Here’s a nice map showing the Lombok route, also mentioning the only difference with Malacca—two more days in sailing time over twenty days for the straight shot through the South China Sea. Also note, as this graphic does, that the biggest biggest crude carriers, 300,000 DWT and up, can only take the Lombok route.

What does two extra days on the water mean? Per Graham,

…Based on an oil import bill of $35 billion in 1997, [a cost of $88 million for diverting through Lombok] accounts for 0.3% of the total.

To update these figures, the oil/tanker market has gone pretty gonzo recently, as everyone is aware. Crude prices have gone down, while tanker rates are currently upupup as importers stampede buy cheap strategic reserves and, on occasion, hold the tankers for temporary storage instead of releasing them back into the wild. Most recent shipping figure I could find was about $2.50/barrel from the Gulf to Japan.

Let’s assume $30/barrel crude plus $3/barrel shipping costs. Japan imports about 2 billion barrels per year. That’s $6 billion dollars. And we assume the Lombok route adds 10% or $0.30/barrel to the shipping cost. That’s another $600 million dollars against $60 billion in total crude costs. 1%. By a funny coincidence, $600 million is also about 1% of the annual Japanese defense budget. Japan’s GDP: $4 trillion dollars.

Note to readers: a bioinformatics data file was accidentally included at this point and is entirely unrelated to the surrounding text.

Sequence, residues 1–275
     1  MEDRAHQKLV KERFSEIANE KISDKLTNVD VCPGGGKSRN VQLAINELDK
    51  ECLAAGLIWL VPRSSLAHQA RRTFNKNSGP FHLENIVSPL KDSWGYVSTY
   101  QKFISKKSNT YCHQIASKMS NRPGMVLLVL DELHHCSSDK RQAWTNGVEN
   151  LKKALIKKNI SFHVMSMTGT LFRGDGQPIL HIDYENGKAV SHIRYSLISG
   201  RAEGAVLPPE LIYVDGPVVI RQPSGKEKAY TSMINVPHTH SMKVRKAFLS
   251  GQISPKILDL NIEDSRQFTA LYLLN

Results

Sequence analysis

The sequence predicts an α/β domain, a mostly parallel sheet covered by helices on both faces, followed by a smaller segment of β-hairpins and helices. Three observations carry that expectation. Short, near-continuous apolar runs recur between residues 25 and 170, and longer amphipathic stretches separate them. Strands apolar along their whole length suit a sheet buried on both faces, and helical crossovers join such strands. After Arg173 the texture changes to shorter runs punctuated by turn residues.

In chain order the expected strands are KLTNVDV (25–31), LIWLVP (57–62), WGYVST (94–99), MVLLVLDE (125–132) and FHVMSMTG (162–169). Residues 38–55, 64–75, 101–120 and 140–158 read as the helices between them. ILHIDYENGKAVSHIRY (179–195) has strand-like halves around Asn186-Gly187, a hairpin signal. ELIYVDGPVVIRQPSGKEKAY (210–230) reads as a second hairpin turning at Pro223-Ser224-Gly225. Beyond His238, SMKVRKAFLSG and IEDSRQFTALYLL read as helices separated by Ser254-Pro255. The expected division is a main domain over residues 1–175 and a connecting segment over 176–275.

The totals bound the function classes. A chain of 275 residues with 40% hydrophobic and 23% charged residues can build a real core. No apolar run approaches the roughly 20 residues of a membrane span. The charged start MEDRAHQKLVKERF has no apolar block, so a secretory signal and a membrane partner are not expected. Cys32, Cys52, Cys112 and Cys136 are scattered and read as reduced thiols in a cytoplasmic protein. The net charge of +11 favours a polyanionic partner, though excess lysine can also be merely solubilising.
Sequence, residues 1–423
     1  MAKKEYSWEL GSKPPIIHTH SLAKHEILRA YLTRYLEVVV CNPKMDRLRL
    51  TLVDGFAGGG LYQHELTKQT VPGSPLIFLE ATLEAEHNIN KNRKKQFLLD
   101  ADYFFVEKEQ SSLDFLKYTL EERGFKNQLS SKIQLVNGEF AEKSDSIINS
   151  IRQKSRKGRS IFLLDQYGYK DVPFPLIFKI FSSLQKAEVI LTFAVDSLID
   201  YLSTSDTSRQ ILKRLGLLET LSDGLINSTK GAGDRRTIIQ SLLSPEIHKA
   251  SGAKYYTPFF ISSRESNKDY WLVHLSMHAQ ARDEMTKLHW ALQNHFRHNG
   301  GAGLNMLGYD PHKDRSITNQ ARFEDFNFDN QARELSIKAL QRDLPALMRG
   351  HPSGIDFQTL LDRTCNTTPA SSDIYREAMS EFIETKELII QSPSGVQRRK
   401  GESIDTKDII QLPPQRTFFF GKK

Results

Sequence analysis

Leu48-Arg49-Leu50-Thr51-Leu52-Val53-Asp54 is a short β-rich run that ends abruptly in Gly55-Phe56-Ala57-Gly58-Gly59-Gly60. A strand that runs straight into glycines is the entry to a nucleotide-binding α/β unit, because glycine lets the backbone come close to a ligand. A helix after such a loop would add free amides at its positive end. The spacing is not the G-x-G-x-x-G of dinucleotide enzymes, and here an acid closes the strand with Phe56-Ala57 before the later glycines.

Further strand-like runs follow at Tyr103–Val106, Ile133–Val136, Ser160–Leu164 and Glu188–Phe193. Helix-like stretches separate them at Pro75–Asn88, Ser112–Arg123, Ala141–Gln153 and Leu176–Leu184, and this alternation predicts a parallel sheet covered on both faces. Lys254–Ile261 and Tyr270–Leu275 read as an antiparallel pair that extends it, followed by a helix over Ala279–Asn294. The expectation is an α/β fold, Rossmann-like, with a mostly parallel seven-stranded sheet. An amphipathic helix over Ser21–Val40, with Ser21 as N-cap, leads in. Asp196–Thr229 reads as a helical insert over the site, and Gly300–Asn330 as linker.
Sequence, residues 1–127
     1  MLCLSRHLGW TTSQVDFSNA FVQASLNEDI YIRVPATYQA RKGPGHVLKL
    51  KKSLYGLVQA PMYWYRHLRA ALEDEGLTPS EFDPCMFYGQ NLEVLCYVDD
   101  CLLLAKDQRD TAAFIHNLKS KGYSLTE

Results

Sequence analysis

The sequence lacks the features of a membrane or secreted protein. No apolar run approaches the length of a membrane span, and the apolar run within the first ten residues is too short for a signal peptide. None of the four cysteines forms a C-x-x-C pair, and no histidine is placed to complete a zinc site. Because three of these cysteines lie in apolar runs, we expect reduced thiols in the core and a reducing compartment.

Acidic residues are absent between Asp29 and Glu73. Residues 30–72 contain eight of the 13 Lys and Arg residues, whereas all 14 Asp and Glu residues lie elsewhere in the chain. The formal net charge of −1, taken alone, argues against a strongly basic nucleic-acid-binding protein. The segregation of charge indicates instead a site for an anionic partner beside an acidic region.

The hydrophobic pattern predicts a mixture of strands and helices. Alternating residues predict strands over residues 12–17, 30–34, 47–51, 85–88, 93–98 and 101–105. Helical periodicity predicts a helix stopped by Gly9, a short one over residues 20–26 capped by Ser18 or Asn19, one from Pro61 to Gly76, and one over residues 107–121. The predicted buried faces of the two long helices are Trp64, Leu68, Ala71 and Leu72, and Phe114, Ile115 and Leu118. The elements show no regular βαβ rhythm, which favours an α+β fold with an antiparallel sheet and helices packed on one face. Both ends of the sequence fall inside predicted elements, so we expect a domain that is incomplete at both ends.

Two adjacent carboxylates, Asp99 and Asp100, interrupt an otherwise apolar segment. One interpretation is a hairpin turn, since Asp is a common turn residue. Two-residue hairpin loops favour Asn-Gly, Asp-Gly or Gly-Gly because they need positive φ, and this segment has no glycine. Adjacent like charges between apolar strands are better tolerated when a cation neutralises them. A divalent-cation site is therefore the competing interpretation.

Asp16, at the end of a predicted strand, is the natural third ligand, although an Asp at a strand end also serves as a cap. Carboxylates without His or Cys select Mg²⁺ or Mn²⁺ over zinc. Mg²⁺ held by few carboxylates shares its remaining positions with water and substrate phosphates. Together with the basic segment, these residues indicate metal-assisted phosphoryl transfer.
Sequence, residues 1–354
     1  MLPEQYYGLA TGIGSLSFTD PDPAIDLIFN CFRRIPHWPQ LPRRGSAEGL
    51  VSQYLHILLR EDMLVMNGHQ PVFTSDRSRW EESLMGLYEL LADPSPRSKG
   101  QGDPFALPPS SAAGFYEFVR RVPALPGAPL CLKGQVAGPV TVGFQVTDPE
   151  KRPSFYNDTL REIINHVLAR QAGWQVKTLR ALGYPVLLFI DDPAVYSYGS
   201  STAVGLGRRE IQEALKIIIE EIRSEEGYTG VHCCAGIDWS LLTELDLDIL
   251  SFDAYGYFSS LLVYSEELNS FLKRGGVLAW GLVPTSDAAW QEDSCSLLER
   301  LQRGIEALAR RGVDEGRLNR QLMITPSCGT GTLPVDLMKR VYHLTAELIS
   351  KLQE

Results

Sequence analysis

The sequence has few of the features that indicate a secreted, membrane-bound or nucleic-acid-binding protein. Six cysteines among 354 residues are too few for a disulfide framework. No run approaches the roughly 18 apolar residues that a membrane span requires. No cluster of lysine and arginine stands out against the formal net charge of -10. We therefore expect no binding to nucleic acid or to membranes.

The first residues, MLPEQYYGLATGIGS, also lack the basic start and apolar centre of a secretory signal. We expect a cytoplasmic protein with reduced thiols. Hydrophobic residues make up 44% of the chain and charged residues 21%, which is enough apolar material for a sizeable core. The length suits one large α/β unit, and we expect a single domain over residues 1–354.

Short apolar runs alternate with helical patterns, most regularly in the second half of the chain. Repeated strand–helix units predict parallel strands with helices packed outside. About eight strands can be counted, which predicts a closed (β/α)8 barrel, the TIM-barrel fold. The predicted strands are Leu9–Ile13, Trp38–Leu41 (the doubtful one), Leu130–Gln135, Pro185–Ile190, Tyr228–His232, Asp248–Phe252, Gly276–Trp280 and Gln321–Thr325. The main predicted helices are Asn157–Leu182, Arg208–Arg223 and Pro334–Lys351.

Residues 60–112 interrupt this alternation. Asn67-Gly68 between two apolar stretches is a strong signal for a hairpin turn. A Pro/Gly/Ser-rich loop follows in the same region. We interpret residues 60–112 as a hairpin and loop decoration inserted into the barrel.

So is Japan going to light off World War III to keep the purportedly vital SCS SLOC open and save 1% on its oil bill?

Here’s one fellow who doesn’t think so:

CSD [Collective Self Defense] will not allow minesweeping ops in SCS/Malacca Strait as unlike Hormuz there are alternative routes.

That’s a statement that notorious appeaser, Prime Minister Shinzo Abe, made in the Diet, as reported on Corey Wallace’s Twitter feed.

Republic of Korea: imports less than 1 billion barrels per annum. Cost of the Lombok detour: maybe $270 million.

Bottom line, everybody prefers to use Malacca/South China Sea to get from the Persian Gulf to Japan and South Korea. It’s the straightest, it’s the cheapest, there’s Singapore, and, in fact, shipowners looked at the economics and decided to dial back the construction of “postMalaccamax VLCCs” (Very Large Crude Carriers) so they’d always have the option of going through the Malacca Strait and South China Sea.

But if that route goes blooey, they can always go via Lombok and the Makassar Sea. Just a little bit more expensive.

So, the South China Sea is not a critical sea lane for our primary North Asian allies Japan and the Republic of Korea.